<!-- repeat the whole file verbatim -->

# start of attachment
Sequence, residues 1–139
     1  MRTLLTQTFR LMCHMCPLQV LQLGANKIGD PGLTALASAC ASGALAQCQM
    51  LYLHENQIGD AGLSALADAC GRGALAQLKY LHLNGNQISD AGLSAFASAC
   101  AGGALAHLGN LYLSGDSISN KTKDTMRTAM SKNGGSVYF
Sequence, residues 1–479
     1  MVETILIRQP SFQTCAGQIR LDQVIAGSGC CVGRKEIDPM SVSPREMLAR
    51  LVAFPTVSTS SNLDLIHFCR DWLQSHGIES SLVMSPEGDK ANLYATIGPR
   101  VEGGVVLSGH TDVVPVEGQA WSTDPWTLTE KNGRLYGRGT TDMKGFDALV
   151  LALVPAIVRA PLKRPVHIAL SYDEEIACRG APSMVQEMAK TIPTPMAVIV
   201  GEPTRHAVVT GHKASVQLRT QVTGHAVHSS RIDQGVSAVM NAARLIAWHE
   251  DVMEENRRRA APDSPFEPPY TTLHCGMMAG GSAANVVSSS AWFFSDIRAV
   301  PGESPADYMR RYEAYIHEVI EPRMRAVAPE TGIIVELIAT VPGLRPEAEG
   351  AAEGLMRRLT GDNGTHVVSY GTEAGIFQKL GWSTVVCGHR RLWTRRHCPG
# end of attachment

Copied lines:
Sequence, residues 1–139
     1  MRTLLTQTFR LMCHMCPLQV LQLGANKIGD PGLTALASAC ASGALAQCQM
    51  LYLHENQIGD AGLSALADAC GRGALAQLKY LHLNGNQISD AGLSAFASAC
   101  AGGALAHLGN LYLSGDSISN KTKDTMRTAM SKNGGSVYF
Sequence, residues 1–479
     1  MVETILIRQP SFQTCAGQIR LDQVIAGSGC CVGRKEIDPM SVSPREMLAR
    51  LVAFPTVSTS SNLDLIHFCR DWLQSHGIES SLVMSPEGDK ANLYATIGPR
   101  VEGGVVLSGH TDVVPVEGQA WSTDPWTLTE KNGRLYGRGT TDMKGFDALV
   151  LALVPAIVRA PLKRPVHIAL SYDEEIACRG APSMVQEMAK TIPTPMAVIV
   201  GEPTRHAVVT GHKASVQLRT QVTGHAVHSS RIDQGVSAVM NAARLIAWHE
   251  DVMEENRRRA APDSPFEPPY TTLHCGMMAG GSAANVVSSS AWFFSDIRAV
   301  PGESPADYMR RYEAYIHEVI EPRMRAVAPE TGIIVELIAT VPGLRPEAEG
   351  AAEGLMRRLT GDNGTHVVSY GTEAGIFQKL GWSTVVCGHR RLWTRRHCPG